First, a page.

Thursday, February 16, 2017

Waterfalls and Wildflowers? Cedar Run and White Oak Canyon

A friend was in town from Oregon last weekend and had a free day, so we took her out Shenandoah National Park and hiked the Cedar Run, Hawskbill, White Oak Canyon loop. It is a nice ten-mile loop that shows off some of the best of the park: big waterfalls, the highest peak in the park, and it has enough climbing to be a good workout. I feel like we've been to White Oak Canyon countless times, but looking back through the blog and my photos, I hadn't been since 2011 and Michael hadn't been since 2009. It was nice to see all of the waterfalls again.

The weather was perfect: sunny and in the high 40s. For much of the climb up Cedar Run, we were protected from the wind, so it felt pretty warm. It had rained earlier in the week, which meant the waterfalls were running well. We ate lunch just before we got to Skyline Drive. That was our first taste of the wind. We all got cold pretty quickly. The walk up to the top of Hawksbill warmed us back up, but it was pretty windy and cold up there. We took a few pictures and headed back down the mountain. We crossed back over Skyline Drive and picked up the fire road that connects to the White Oak Canyon Trail. We had a nice walk down past all of the big waterfalls. Since it was too cold to swim, it wasn't terribly crowded.

 The waterfall at the first crossing of Cedar Run. It was a little bright to try to shoot smooth waterfalls, but this one didn't turn out too badly.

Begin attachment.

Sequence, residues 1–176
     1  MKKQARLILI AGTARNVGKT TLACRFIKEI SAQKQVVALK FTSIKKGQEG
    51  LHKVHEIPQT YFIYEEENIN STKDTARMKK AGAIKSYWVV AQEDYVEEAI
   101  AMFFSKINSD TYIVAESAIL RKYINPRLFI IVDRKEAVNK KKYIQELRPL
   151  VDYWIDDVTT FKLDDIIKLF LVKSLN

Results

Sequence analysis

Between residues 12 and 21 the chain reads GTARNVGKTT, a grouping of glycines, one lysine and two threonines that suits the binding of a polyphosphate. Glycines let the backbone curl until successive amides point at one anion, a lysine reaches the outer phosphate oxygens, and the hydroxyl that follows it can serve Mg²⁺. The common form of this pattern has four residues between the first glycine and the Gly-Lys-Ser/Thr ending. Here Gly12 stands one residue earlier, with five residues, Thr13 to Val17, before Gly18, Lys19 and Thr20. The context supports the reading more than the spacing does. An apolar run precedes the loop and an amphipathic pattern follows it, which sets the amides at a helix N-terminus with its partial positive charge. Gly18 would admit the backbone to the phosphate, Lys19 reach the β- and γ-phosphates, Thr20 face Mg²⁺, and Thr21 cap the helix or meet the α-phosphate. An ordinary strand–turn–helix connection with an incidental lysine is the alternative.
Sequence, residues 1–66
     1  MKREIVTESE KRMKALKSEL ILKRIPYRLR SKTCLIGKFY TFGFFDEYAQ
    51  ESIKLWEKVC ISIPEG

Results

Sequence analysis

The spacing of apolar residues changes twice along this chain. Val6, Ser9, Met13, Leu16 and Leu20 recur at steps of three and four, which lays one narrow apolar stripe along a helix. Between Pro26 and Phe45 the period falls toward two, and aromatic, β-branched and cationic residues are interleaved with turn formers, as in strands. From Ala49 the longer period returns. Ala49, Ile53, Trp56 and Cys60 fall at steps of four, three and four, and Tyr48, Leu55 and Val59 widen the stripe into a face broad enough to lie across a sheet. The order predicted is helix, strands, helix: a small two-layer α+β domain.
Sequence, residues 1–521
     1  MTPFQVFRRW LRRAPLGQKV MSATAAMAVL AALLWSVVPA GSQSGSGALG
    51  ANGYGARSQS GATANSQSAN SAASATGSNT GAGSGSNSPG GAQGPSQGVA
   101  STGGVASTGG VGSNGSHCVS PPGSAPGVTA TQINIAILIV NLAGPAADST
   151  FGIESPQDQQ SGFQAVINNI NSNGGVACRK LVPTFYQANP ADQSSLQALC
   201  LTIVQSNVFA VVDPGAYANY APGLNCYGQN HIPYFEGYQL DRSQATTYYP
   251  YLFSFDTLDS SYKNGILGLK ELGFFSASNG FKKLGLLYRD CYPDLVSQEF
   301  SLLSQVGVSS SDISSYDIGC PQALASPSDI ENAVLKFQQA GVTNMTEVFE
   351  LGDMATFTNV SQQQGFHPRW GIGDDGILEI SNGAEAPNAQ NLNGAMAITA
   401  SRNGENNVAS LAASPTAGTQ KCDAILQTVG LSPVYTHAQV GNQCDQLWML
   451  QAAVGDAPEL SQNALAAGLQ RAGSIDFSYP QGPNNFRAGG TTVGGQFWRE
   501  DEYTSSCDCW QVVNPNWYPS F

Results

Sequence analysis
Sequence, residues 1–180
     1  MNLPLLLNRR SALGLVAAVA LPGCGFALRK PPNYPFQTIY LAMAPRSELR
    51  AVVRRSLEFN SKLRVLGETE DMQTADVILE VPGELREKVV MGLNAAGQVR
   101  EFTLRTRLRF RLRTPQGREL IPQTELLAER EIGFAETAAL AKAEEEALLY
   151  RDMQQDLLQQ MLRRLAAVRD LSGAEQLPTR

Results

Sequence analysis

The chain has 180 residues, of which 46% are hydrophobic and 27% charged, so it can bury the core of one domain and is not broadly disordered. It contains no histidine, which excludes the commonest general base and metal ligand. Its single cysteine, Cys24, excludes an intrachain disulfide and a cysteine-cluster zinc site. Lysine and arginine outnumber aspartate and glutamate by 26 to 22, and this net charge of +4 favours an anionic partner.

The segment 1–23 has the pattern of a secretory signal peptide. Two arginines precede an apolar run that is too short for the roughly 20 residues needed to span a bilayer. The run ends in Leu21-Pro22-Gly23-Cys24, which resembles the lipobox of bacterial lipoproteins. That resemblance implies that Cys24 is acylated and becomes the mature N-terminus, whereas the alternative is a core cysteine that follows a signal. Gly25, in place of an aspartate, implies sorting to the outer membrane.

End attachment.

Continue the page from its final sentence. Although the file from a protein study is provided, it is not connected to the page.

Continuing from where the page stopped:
The pool below the waterslide on Cedar Run. The water was so clear on Saturday that you could see the bottom of the pool
 Old Rag from the top of Hawksbill. It was a little hazy.
 Our party on the summit of Hawksbill.
 A small cascade on White Oak Creek
 One of the larger falls on White Oak Creek.
 Lower White Oak Falls
Anemone americana (Round-Lobed Hepatica) blooming. On February 11th. In the mountains. This is easily a month, possibly more like six or seven weeks, early. This is the clearest indication that we haven't actually had winter this year. According to Capital Weather Gang, in the DC area, we had a 19 day stretch in January where the temperature didn't drop below freezing. I'm sure it was colder in the mountains, but it has clearly still been unusually warm.

Friday, February 10, 2017

Lost River State Park, West Virginia

We have driven by Lost River State Park in West Virginia countless times. We've even biked through it, but, other than stopping for water on that ride, we had never explored the trails there. Since the rest of the country was watching a football game on Sunday and the weather was supposed to be warm for February, we figured it was a good day to check it out.

 The hike began with a pleasant walk along Howard's Lick Run. Sunday morning, the edges of the creek were coated in ice.
 Ice on the edges of the creek.
 After less than half a mile, we turned uphill and began the long, steady climb up to Cranny Crow overlook. After a mile or so, we came to the remnants of a day use shelter. The roof looked like it was in good shape, but the bench was completely rotted out.
 The view from Cranny Crow overlook. As we climbed, we were more an more exposed to the wind. Although the temperatures were in the high 40s, the windchill was probably in the low 30s. At this overlook, we could stand out on the rocks for very long because the wind was blowing so hard.
 A little shelter at Cranny Crow Overlook.
 Further along Big Ridge, there is an old fire tower. The bottom sections of the stairs has been removed, so we couldn't climb it, but it was still a neat tower.
Michael hiking ahead while I took pictures. He was lucky enough to see two bald eagles: an adult and a juvenile. He didn't get any pictures and I wasn't lucky enough to see them.
We finally reached Millers Rocks at the north end of Big Ridge. This is the view of the cloud bank to the west.
Looking north from Millers Rocks
Looking south towards where we started.
On the way back, near a picnic area, a historic cabin sits in the middle of a meadow. This cabin was built in 1840.

Lost River State Park is spectacular. We hiked just under 12 miles and only saw four other people. We will definitely be back.